“Deathly Ill” or “Called by Christ.”
Are we “deathly ill” or “called by Christ”? It is astonishing to me that a group of our pastors would begin an open letter by using the phrase “deathly ill.” I do not know any of the writers of this letter personally, and none are serving in the Presbytery where I am on staff. But I can imagine that these are all talented, gifted, and wonderfully positive and encouraging pastors. No one is ever called to be the pastor of one of our congregations by focusing on how sick and dysfunctional the congregation may be. I imagine that in their own ministry, and in their own contexts, these pastors are gifted communicators of the “Good News.” Why is it their thoughtful, and in some ways prophetic, open letter requires such a dire and deathly tone? I would much rather ponder the exciting new ways that we are being called by Christ; ways which will, of course, transfigure all our institutions and habits.
The Presbytery of Carlisle recognized the 25th anniversary of my ordination last year. All but five of these years I served as a pastor. I learned a valuable lesson early in my pastoral career. When I am leading a funeral service, I presume that the dead person has some good, beautiful and redeemable qualities which God knows and will bring to glorious resurrection. At funeral services I always try to preach hope, healing and resurrection in Christ. During my years of pastoral ministry, funeral services were some of the most fruitful times for faithful proclamation. If these good pastors would like to preach at the funeral service of our Presbyterian Church, I wish they could do so with a bit more graciousness and hope.
But, despite the yearning of these pastors to do so, I am not convinced that we should be writing the funeral sermon for our Presbyterian Church just yet. The statistics and historical allusions which the pastors use in their open letter are boring. Everyone knows this: the membership decline, the incessant conflict, and the institutional downsizing. So what else is new! These things have been our reality for my entire ministry. What is important and new (as recognized and appreciated by the pastors) is that the culture of the Presbyterian Church has been shifting so that our congregations are now the true center of our vitality and ministry. This is a crucial culture shift which I believe prepares us well for moving into the future.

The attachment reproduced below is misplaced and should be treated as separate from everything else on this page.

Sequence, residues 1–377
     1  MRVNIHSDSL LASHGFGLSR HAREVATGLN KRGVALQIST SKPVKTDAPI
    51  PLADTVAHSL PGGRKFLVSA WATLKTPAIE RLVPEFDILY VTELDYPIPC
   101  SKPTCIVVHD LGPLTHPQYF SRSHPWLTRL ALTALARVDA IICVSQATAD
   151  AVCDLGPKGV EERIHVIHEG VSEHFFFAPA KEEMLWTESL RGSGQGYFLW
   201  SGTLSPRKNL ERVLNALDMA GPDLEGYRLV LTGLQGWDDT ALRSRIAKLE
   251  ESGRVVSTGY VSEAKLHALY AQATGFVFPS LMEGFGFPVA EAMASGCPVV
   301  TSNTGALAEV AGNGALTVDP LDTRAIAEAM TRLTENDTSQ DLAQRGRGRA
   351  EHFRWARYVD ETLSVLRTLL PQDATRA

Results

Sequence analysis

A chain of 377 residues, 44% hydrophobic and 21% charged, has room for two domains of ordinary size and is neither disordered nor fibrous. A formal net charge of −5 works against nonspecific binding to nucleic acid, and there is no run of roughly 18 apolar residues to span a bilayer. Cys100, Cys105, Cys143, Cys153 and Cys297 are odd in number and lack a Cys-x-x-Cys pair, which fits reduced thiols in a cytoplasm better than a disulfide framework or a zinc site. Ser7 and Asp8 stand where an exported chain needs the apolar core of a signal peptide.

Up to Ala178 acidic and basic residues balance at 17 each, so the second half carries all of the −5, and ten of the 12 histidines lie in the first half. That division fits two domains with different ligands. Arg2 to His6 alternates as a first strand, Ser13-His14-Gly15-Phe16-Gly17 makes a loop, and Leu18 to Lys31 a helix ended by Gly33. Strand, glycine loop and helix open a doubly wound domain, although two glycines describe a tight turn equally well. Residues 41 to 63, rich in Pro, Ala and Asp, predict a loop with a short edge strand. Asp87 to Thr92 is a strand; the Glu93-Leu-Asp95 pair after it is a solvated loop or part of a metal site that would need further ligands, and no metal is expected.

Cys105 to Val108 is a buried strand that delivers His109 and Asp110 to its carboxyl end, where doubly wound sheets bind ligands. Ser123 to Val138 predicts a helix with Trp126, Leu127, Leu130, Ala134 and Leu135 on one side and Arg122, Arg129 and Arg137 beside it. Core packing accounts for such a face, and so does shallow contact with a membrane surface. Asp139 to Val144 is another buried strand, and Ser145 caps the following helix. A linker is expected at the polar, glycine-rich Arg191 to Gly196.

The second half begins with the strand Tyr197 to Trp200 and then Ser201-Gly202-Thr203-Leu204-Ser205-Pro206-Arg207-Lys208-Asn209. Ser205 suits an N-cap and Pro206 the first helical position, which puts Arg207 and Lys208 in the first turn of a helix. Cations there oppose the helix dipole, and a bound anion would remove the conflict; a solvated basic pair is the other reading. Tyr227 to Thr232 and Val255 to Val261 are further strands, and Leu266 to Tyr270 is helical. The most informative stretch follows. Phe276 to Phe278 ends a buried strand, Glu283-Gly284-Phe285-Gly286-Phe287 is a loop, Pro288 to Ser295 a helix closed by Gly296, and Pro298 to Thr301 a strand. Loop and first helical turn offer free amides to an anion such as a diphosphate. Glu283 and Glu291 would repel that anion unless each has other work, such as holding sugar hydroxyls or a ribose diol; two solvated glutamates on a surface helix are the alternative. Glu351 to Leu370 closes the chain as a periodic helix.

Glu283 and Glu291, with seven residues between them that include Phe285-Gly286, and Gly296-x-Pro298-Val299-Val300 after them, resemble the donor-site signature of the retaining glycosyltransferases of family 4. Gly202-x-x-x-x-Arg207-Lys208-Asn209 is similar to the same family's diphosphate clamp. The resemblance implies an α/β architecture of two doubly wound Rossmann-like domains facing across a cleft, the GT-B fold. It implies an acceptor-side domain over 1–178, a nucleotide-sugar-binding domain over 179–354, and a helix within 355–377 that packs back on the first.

I only know the 52 congregations of the Presbytery of Carlisle, where I have been serving since 2005. I know our pastors and I know our congregations very well. In my speculative, back-of-the-envelope ponderings I have concluded that the Presbytery of Carlisle, as one piece of our Presbyterian common life, is alive, healthy and sustainable for many years to come. If I continue, as I hope and pray, to do this work for fifteen more years we may, as a Presbytery, close some congregations. But at least 35 of our congregations are what I may call indefinitely sustainable. This is not a glorious theological category, but it is very important. These congregations have vital ministries which are generally sustaining membership despite the passing of the builder generation, they have sustainable financial management, and, most important, they have a vital and positive spiritual life which is not afraid of the future. Because of the support and leadership of this group of congregations, the Presbytery of Carlisle is also indefinitely sustainable. Because we have reoriented all our mission and ministry to support, encourage and connect these congregations our Presbytery has purpose and direction into the future, a positive, sustainable cash flow, and, most important, a very high level of collegial trust. By any measure, the Presbytery of Carlisle is NOT deathly ill! Certainly in ten, fifteen, twenty-five or fifty years from now the Presbytery of Carlisle and our congregations will look different. We will have patterns of leadership, expressions of mission and ministry, and networks of innovative relationships and connections that will be leaner and very different than today. But we will not be dead and gone! Are the authors of the open letter interested in helping us live into that new day called by Christ, or simply focused on writing a funeral sermon for a denomination?